Im 44 and have aging skin doctor suggested co2 laser and like 6 areas botox including mouth and chin area not fond of that i want to be able to smile. My main concern is the dimpling under my mouth.
Do You Suggest Botox for Chin Dimpling Both Sides Underneath Mouth?
Doctor Answers 6
Botox for chin dimpling.
This is a great use for Botox. Precision in the location of the injections is important. We use 3 units on each side of the chin, and in a few days, the dimpling is usually gone.
Do you suggest botox for chin dimpling both sides underneath mouth?
i have done this many times. The key is to make sure you do not go too high - just keep the Botox in the lower chin area.
You may not need CO2 resurfacing - just try the Botox. If you need more both you and your doctor will know!!
Botox and dimpling of the chin
Botox is done for dimpling in the chin. Ask your doctor to be conservative as you can always get more units if it's not effective, rather than finding out on your first treatment that you had too much for your muscles. You don't want to have problems pronouncing some letters. Musicians who play wind instruments or singers should be very careful.
You might also like...
Botox works well for chin dimpling
If you have chin dimpling that resembles the skin of an orange (peau d'orange) then small amounts of botox administered to the mentalis muscle will work well to smoothe the area.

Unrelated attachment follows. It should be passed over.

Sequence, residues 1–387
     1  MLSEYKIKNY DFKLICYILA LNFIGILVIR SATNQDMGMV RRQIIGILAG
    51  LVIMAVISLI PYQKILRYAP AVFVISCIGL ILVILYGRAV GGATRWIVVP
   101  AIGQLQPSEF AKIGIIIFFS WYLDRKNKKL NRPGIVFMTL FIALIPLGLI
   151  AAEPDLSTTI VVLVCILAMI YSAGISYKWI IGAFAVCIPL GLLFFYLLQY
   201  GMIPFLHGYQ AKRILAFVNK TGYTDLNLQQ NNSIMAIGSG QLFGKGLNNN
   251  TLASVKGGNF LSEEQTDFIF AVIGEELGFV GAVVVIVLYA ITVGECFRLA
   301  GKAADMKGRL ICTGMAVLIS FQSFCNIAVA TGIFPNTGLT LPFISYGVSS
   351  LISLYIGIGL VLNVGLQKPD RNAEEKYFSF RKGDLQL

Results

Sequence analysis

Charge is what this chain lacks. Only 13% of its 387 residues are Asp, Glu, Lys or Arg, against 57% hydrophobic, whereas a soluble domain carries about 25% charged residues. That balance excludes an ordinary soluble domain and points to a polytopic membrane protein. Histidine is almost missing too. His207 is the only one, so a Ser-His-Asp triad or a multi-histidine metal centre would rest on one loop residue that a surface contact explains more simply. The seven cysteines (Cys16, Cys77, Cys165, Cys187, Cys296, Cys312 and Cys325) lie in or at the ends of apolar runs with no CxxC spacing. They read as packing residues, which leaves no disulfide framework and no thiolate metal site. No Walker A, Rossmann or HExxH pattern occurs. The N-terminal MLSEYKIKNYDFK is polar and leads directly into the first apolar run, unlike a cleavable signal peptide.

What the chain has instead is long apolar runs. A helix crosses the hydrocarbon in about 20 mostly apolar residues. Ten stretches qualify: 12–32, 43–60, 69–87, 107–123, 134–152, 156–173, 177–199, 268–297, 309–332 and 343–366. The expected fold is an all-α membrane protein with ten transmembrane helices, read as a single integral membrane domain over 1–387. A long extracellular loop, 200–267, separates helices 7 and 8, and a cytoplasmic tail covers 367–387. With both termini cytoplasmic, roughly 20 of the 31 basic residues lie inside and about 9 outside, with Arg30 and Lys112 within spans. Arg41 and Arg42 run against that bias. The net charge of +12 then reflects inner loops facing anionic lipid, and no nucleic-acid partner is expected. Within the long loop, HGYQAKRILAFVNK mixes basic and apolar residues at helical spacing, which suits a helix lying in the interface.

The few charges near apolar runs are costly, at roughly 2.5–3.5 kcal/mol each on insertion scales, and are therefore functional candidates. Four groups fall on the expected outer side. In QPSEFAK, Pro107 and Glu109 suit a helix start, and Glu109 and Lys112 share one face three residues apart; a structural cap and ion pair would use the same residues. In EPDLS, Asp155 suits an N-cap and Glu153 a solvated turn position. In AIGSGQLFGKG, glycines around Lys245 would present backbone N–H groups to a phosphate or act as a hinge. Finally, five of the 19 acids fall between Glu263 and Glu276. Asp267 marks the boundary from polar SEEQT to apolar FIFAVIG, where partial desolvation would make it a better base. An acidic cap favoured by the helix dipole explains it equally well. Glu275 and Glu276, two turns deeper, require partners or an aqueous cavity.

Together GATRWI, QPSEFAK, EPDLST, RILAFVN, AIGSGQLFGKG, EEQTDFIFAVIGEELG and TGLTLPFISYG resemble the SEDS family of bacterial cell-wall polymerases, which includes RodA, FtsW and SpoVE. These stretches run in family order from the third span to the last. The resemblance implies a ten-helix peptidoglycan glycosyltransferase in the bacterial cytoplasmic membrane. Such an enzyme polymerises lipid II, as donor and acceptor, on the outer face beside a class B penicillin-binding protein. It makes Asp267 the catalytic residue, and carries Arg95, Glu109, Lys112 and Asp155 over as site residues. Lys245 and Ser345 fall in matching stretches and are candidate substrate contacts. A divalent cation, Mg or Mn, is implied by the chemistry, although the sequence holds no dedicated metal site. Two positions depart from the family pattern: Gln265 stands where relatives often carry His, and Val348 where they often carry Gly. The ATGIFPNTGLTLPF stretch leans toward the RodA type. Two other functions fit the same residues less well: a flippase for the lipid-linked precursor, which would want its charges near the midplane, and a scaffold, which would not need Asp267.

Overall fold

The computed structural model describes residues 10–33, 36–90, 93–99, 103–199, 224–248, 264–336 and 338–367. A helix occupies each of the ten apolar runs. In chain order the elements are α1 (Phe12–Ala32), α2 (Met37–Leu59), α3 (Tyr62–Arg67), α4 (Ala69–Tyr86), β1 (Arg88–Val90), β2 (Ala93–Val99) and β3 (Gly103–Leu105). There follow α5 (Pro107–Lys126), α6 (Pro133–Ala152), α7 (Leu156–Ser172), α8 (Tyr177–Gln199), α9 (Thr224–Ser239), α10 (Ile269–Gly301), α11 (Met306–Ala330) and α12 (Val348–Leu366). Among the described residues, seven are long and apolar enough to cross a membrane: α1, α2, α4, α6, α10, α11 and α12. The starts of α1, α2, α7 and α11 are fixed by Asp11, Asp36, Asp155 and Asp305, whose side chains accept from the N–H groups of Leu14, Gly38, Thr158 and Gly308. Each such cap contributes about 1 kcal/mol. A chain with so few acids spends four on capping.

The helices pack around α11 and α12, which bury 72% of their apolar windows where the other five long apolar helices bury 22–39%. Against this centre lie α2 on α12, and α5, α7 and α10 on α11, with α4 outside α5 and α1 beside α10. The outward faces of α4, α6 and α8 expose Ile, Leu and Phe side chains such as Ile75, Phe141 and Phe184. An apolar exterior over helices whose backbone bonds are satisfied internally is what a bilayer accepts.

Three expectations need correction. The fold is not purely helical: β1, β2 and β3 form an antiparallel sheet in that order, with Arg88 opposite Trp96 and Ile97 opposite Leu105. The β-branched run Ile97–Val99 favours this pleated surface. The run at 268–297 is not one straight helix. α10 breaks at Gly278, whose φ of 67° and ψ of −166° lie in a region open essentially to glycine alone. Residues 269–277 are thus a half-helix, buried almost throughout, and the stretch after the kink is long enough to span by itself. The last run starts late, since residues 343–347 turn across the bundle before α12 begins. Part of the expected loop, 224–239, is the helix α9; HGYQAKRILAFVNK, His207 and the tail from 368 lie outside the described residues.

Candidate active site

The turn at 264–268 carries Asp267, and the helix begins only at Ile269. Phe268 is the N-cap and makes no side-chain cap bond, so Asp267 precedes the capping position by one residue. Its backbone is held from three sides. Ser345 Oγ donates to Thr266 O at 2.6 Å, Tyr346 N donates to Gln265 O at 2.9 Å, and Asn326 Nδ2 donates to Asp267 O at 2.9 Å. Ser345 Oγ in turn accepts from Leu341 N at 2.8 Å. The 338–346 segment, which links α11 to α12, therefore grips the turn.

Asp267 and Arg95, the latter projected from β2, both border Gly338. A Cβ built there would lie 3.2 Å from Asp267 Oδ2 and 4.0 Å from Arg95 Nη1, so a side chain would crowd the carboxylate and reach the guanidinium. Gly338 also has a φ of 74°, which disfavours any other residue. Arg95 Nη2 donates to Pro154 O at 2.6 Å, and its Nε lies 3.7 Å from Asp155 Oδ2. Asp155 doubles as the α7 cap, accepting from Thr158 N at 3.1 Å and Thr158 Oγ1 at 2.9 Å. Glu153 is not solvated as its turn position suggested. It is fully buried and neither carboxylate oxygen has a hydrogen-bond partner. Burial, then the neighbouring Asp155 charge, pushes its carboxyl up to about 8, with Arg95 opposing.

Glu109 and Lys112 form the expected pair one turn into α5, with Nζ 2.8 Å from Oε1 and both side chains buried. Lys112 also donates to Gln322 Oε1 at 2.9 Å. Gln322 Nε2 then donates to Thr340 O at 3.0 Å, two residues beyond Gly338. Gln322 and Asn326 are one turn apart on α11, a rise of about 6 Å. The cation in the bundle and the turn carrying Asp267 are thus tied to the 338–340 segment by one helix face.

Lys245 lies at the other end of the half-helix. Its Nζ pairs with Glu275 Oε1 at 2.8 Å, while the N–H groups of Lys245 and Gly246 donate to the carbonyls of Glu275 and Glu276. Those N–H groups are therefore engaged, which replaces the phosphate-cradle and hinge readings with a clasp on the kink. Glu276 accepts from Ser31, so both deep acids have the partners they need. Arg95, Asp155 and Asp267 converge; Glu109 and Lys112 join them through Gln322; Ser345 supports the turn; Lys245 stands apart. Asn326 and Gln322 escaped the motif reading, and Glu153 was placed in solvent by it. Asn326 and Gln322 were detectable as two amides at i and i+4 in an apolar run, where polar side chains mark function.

Botox for Chin Works Great
If you have dimpling on the chin, Botox injected directly into that area (mentalis muscle) works very well.
If you inject it around lips, you have to be very cautious as it can effect smile, speech and eating.
Botox is often used for dimpling of the chin
I would need to see you to answer your question appropriately. Botox works by paralyzing muscle. When placed correctly, in the right muscle groups it should not and will not interfere with smiling. When placed into the chin muscle, called the mentalis muscle, it helps eliminate the puckering and dimpling people sometimes have.
These answers are for educational purposes and should not be relied upon as a substitute for medical advice you may receive from your physician. If you have a medical emergency, please call 911. These answers do not constitute or initiate a patient/doctor relationship.